Team India's early exit from the World T20 in the West Indies [ Images ] has palpably got the critics working overtime. Every television channel and newspaper is replete with viewpoints on what went wrong, the reasons behind India's third successive early exit from an ICC [ Images ] event -- after similar fate in the T20 World Cup in England [ Images ] and Champions Trophy [ Images ] in South Africa [ Images ] last year.
And most of them, more-or-less, seem to have zeroed down on the same reasons: excessive cricket, the long-drawn-out Indian Premier League [ Images ], inability of batsmen to adapt to the conditions and, finally, M S Dhoni's [ Images ] captaincy.
But if former captain Bishan Singh Bedi [ Images ] is to be believed, there isn't much to read into the team's shoddy showing.
"Twenty20 [ Images ] cricket is just a lottery. I don't read much into these defeats," said Bedi.
But why is it that a team like India, which triumphed so emphatically in the inaugural edition of the World T20 in 2007, struggled in the two subsequent editions?
"That win was a fluke," he declared, categorically.
But wasn't that triumph celebrated as the birth of a new all-conquering outfit?
"We Indians have a tendency to get carried away very easily," he added, in a dismissive tone.
The spin legend, however, in his usual forthright manner, does point out the reasons that time and again put the national team in a quandary in international events.
"I feel that the team is overworked and not getting enough respite. Agreed, they aren't underpaid, but it is, after all, the human body and it does need rest."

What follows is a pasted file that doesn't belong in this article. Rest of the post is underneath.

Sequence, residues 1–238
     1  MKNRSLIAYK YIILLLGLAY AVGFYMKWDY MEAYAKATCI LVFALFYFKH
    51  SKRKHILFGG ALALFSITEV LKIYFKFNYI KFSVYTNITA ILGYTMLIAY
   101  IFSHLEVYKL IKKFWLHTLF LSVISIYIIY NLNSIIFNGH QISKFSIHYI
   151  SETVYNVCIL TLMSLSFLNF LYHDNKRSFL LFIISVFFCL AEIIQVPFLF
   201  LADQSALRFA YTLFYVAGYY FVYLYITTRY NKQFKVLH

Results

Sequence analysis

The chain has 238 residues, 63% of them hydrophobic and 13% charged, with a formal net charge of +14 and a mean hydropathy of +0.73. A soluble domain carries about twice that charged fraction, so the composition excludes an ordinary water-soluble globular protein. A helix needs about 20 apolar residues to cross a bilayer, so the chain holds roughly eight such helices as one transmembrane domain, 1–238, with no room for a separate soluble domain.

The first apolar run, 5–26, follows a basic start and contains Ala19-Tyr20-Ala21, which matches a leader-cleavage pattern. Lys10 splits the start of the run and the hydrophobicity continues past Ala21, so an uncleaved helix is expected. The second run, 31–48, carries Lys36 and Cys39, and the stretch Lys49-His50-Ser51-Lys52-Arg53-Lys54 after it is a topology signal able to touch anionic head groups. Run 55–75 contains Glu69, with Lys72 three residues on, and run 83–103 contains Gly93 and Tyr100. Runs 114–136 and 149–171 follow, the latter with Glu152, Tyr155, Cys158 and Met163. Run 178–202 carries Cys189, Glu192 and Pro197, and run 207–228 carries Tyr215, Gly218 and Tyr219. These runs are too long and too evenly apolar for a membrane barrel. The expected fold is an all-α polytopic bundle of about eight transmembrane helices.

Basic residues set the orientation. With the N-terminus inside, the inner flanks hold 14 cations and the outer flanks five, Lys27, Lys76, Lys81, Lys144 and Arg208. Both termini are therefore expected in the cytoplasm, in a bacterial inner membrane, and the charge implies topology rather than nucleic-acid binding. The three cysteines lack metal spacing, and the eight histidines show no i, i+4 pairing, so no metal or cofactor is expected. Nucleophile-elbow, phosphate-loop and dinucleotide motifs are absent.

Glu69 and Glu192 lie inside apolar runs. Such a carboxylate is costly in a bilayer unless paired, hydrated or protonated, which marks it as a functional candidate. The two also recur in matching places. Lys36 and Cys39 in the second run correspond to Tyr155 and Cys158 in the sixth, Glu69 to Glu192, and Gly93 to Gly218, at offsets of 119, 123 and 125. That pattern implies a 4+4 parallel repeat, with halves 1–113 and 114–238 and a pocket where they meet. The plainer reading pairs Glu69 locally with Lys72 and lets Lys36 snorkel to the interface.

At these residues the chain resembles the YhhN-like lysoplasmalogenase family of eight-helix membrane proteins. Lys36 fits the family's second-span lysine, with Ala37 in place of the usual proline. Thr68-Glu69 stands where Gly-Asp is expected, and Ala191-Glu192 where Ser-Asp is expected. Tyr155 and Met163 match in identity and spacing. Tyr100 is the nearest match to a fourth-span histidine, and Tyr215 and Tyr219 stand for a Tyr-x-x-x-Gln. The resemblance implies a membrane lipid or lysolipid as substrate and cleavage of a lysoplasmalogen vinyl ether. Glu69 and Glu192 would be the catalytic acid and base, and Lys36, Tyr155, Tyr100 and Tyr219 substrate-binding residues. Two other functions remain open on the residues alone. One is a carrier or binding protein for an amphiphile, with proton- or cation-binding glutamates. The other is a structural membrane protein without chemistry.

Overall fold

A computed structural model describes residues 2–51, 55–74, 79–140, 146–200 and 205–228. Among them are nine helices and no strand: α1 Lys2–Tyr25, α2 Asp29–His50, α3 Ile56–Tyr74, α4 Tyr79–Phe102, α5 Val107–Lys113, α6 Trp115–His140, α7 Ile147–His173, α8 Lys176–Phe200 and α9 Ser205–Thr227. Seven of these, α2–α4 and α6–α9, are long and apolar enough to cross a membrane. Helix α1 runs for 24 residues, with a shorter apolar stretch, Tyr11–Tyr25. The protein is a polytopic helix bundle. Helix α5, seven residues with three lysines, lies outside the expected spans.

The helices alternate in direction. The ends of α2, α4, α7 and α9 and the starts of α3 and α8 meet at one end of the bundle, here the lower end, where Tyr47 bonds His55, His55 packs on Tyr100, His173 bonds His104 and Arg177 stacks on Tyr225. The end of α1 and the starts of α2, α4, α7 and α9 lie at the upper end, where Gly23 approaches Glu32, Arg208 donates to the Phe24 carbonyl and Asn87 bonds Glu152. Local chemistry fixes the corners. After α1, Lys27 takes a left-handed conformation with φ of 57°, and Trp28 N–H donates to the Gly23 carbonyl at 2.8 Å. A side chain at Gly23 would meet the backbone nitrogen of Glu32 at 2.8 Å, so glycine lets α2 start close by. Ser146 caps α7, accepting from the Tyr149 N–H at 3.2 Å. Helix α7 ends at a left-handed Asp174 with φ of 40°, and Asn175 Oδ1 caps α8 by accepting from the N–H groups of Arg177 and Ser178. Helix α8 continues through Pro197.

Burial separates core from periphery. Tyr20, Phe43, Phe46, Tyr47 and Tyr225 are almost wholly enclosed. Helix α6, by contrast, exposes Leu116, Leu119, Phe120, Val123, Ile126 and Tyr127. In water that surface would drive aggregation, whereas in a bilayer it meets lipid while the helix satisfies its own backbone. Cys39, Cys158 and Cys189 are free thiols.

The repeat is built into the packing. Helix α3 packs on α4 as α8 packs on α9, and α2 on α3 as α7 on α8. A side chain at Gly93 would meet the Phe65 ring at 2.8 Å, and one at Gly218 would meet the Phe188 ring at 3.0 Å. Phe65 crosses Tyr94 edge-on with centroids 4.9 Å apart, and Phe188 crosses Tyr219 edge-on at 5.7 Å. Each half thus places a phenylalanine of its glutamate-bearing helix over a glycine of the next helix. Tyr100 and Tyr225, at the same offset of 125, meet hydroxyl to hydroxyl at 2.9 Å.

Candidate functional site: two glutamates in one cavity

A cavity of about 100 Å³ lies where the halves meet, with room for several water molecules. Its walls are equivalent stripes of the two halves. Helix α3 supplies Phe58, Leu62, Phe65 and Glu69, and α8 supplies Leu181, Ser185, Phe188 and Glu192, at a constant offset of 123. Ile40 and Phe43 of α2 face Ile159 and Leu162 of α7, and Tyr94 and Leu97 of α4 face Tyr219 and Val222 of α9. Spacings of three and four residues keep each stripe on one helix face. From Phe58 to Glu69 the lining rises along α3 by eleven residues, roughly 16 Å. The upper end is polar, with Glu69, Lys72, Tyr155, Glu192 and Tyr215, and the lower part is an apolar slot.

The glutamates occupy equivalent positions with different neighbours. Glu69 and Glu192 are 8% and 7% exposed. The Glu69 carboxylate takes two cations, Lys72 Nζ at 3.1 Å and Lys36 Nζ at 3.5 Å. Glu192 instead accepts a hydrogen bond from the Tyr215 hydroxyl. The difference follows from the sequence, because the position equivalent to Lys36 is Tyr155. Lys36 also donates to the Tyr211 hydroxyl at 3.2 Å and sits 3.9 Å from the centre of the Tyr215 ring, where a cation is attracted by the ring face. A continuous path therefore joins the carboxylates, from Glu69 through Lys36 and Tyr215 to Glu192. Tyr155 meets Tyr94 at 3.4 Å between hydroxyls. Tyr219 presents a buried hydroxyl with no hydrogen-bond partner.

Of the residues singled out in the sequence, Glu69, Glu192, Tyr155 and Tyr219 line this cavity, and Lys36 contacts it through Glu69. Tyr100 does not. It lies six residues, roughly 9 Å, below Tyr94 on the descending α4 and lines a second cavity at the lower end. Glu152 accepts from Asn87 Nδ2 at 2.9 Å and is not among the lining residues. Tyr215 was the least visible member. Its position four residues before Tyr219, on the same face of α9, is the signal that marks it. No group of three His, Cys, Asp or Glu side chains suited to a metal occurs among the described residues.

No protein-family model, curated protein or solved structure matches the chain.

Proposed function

Is this a reference to the lucrative Indian Premier League, the third edition of which concluded just five days before the Caribbean extravaganza?
"I am not a very big fan of the IPL," said Bedi, matter-of-factly. "It has done more harm to our cricket than it has benefited," he continues in the same vein.
"As I said earlier, our cricketers aren't underpaid now, but they are definitely overworked. And money can, in fact, be a double-edged sword."
Isn't the extremity a sheer irony? There was hardly much money involved when Bedi played, but now there's no dearth of it.
"I would rather play in that period than be a part of this team," the response coming almost instantly after the question is asked.
Is it the psychological aspect that happens to be one of Team India's many shortcomings?
"Psychological it is, but you have utilize the psychology to your own benefit," he argued, adding, "look at how the Australians are doing that so consistently."
And what about the captain -- MS Dhoni? Almost everyone seems to be after his head after the team's latest efforts at international events.
"He (Dhoni) has to learn more about the game," said the former India captain, adding, "you don't learn by just winning; you also learn when the chips are down."
Bedi, however, does admit that it is wrong to vilify Dhoni for the team's performance in the Caribbean.
"In a T20 game, a captain is as good as he is allowed to be.
"There's absolutely no time to strategize. Sometimes the decisions you take click, sometimes they don't," he concluded.